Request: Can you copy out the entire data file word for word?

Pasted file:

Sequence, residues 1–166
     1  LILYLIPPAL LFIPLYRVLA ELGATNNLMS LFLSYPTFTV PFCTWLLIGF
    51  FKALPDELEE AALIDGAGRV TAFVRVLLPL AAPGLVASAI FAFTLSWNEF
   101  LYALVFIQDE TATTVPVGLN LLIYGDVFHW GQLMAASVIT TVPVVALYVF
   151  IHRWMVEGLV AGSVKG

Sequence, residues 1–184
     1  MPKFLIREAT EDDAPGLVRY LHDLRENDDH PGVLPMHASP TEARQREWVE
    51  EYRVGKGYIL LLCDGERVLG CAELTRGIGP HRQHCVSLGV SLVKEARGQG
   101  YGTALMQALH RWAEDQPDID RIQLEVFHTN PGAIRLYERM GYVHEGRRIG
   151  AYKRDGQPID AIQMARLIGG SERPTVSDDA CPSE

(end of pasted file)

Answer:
Sequence, residues 1–166
     1  LILYLIPPAL LFIPLYRVLA ELGATNNLMS LFLSYPTFTV PFCTWLLIGF
    51  FKALPDELEE AALIDGAGRV TAFVRVLLPL AAPGLVASAI FAFTLSWNEF
   101  LYALVFIQDE TATTVPVGLN LLIYGDVFHW GQLMAASVIT TVPVVALYVF
   151  IHRWMVEGLV AGSVKG

Sequence, residues 1–184
     1  MPKFLIREAT EDDAPGLVRY LHDLRENDDH PGVLPMHASP TEARQREWVE
    51  EYRVGKGYIL LLCDGERVLG CAELTRGIGP HRQHCVSLGV SLVKEARGQG
   101  YGTALMQALH RWAEDQPDID RIQLEVFHTN PGAIRLYERM GYVHEGRRIG
   151  AYKRDGQPID AIQMARLIGG SERPTVSDDA CPSE